Cylindrical Stainless Steel Decoration Lamp

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Introduction: Cylindrical Stainless Steel Decoration Lamp

About: PLC, Arduino - Do it yourself project

Here was a broken lamp I picked up in scrap yard that at first I really did not know what it was. It looked very nice & it gave me the idea to turn this broken lamp into a colorful decoration lamp.

According to technical information on internet, this is a modern stainless steel outdoor wall light which has 2 light fittings for directing light upwards and downwards, suitable for lighting doorways and paths or to light up features.

Take a look at some videos & pictures after completion of fixing from broken up-down wall lighting to a colorful decoration lamp

  • FINISH PRODUCT PICTURES

  • VIDEOS:

This decoration lamp is controlled with 3 modes: Color-wheel, Morph & HSBtoRGB by using 3 ways switch and potentiometer rotary knob.

It looks awesome when this lamp is put in the dark.

Follow me on the next steps to see how I did for reviving this broken lamp...

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Step 1: Ideas

Diameter of lamp's stainless steel body is about 60mm. My idea is to put 32 RGB leds into the cylindrical stainless steel casing at one side (upwards – 32 RGB LED; downwards – 32 RGB LED). Of course these leds will also be arranged in cylindrical shape – diameter 50mm, too.

In order to arrange leds in cylindrical form D50mm, I made a flat wooden template with LED spacing 19.7mm. And after all leds were soldered, I bent them to a cylindrical shape of 50mm outer diameter.

To calculate arc length and number of LEDs, we can refer to table below:

Step 2: Bill of Materials

Beside main components, we need to buy some more parts like: power adapter 5V - 2A, capacitor 0.1uF (x4), computer ribbon cable ( LINK ), power wires, small bolts & nuts, A4 single clad copper plate, Ferric Chloride for etching....
Tools: wooden plate, gloves, round rod D3mm, ruler, soldering iron...

Step 3: Project Schematic

There are 2 options below to control RGB LEDs using Bit Angle Modulation:

  • Option 1: Layers are selected from shift register 74HC595 to control transistor 2N2222 & TIP42C. It save Arduino pins but response time is low. It doesn't matter in my case when I just used transistors (not MOSFET).

  • Option 2: Layers are directly controlled from Arduino pins. We used 8 pins for layer selection, plus 4 pins for shift register controlling and no digital pins remain for other application.

For high resolution schematic, you can down load PDF version at LINK.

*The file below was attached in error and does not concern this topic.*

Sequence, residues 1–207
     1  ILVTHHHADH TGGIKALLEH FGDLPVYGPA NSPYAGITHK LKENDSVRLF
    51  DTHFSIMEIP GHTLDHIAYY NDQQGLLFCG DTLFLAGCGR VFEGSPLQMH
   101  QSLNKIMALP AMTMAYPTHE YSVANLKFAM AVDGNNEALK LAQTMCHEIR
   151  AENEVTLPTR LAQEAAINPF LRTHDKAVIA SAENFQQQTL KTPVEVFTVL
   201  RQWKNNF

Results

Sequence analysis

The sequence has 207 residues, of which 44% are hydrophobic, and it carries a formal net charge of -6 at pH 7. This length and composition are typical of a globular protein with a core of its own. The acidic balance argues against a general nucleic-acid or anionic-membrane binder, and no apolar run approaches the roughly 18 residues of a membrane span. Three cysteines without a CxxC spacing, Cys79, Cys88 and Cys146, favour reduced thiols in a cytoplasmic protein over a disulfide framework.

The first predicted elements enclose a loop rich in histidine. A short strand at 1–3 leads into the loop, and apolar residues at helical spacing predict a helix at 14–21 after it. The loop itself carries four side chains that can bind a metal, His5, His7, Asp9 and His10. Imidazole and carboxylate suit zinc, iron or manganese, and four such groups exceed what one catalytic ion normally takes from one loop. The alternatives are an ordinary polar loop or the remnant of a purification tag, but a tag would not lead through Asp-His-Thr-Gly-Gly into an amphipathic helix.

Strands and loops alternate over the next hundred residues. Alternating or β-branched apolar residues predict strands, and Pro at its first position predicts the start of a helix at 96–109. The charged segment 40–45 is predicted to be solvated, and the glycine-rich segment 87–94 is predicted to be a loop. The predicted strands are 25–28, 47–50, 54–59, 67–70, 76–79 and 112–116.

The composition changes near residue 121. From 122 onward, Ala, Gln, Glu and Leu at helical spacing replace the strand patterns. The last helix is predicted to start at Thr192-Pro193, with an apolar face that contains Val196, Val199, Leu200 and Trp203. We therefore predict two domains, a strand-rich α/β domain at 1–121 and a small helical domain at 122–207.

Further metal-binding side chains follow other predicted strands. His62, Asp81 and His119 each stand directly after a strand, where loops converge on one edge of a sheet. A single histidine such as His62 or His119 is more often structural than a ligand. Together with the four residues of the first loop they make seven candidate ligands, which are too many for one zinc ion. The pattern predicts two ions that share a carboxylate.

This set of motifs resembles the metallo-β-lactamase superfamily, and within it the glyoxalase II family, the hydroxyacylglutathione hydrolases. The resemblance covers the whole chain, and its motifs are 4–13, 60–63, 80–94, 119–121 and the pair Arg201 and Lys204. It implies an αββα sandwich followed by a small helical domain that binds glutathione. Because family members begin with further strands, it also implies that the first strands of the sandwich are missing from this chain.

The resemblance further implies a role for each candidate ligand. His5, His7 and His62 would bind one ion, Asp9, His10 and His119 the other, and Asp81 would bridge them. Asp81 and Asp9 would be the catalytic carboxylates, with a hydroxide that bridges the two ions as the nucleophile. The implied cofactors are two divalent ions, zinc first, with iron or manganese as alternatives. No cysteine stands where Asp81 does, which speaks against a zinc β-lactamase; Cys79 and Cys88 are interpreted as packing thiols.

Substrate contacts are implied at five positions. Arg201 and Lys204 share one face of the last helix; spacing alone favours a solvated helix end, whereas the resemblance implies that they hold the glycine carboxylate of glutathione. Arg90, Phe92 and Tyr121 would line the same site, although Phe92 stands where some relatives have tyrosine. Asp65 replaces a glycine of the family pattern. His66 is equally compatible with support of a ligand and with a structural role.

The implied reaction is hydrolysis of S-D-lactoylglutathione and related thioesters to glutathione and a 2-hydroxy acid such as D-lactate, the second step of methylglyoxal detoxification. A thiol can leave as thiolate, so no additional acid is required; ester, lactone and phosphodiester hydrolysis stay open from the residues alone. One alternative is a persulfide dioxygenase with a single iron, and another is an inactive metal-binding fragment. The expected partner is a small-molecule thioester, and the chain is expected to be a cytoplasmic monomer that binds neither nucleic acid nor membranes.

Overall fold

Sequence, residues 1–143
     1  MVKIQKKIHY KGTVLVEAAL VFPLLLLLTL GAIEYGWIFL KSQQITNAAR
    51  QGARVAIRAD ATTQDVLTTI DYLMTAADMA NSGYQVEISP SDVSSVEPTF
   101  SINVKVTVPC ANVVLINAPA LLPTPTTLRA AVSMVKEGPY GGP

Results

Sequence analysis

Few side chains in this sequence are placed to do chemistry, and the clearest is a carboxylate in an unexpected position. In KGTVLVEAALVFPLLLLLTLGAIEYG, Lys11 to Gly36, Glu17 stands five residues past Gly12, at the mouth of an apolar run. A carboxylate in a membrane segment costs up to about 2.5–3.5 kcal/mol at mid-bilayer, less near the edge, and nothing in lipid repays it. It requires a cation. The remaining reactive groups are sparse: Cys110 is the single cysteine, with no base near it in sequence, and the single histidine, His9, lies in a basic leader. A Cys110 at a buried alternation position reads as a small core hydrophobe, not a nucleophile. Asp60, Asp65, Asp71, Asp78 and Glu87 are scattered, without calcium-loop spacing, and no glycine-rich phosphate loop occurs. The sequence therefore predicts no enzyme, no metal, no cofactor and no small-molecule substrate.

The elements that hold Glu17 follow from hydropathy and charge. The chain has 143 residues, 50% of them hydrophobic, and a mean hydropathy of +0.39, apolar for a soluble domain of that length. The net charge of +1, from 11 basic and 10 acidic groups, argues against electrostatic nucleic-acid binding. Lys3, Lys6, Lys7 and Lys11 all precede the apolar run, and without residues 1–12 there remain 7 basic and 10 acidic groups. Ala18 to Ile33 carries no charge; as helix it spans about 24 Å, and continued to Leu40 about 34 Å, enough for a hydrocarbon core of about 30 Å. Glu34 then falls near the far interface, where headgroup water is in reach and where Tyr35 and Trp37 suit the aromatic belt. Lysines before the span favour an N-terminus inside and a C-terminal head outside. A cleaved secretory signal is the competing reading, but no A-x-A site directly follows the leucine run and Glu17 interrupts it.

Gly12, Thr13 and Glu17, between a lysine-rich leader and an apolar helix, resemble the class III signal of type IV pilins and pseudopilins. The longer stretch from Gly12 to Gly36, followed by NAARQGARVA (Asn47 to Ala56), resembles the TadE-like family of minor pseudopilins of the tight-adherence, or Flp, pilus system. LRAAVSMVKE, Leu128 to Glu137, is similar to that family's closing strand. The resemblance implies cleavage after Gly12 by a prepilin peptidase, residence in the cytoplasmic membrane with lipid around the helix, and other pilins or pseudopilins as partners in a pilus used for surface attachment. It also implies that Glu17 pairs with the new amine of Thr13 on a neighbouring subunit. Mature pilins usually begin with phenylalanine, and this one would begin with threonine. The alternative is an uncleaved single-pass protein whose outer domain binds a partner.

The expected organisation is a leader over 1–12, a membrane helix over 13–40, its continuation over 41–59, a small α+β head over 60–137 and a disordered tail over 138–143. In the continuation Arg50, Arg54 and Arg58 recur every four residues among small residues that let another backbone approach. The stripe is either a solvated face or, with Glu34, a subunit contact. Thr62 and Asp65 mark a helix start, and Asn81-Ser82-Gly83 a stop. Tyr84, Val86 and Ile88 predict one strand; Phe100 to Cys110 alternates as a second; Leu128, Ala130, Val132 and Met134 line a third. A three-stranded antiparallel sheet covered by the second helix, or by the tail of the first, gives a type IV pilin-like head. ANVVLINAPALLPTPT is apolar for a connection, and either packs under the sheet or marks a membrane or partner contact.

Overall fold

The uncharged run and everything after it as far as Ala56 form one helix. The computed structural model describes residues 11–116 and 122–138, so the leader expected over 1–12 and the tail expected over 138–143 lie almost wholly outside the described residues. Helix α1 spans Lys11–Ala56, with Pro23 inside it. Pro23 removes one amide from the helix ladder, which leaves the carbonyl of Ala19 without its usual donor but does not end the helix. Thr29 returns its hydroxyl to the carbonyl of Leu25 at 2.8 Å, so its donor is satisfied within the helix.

Step 4: Eagle Design

To put all the printed circuit boards, ribbon cables, power cables and cylindrical LEDs inside the tube lamp, I had to design all printed circuit boards in circle shape and drilled some holes for wires passing through. Due to big amount of ribbon cables, during the actual assembly I have to drill and cut in some more positions.

I also marked two circles outside PCB for later cutting them in circle form. You can see this tip on next step.

  • Shift Register Board: It includes 2 x 74HC595, 2 x ULN2803, 16 x R100. For this project, we need 2 shift register boards for layer selecting and RGB led - BAM color controlling.

  • Layer board: It includes 4 x NPN-Transistor 2N2222, 4 x PNP-Transistor TIP42C, 8 x R1K, 4 x R10K. For this project, we also need 2 layers boards, these boards receive control signal from shift register boards to determine which layer to be selected (total 8 layers).

  • Total print out: It fit to A4 size to print out and save paper.

You can download printable PCB Eagle files with real size atLINK.

Step 5: PCB Etching – Drilling – Components Installation

  • Clothes Iron Toner Transfer

  • Etching PCB by Ferric Chloride

  • Cutting PCB in circular shape

TIP: To cut PCB in circular shape by hand, I drilled some holes between two circles as marked on the printed circuit board. It's really effective for small print circuits.

  • Drilling, assembly and soldering components: Due to limited size, I have to change 2 x Capacitor 0.1uF to bottom size.

Step 6: Cylindrical LED Soldering

  • Prepare led

Leds are RGB common anode type. I use a stainless steel round rod with a diameter about 3mm to bend the led pins.

  • RGB pin soldering: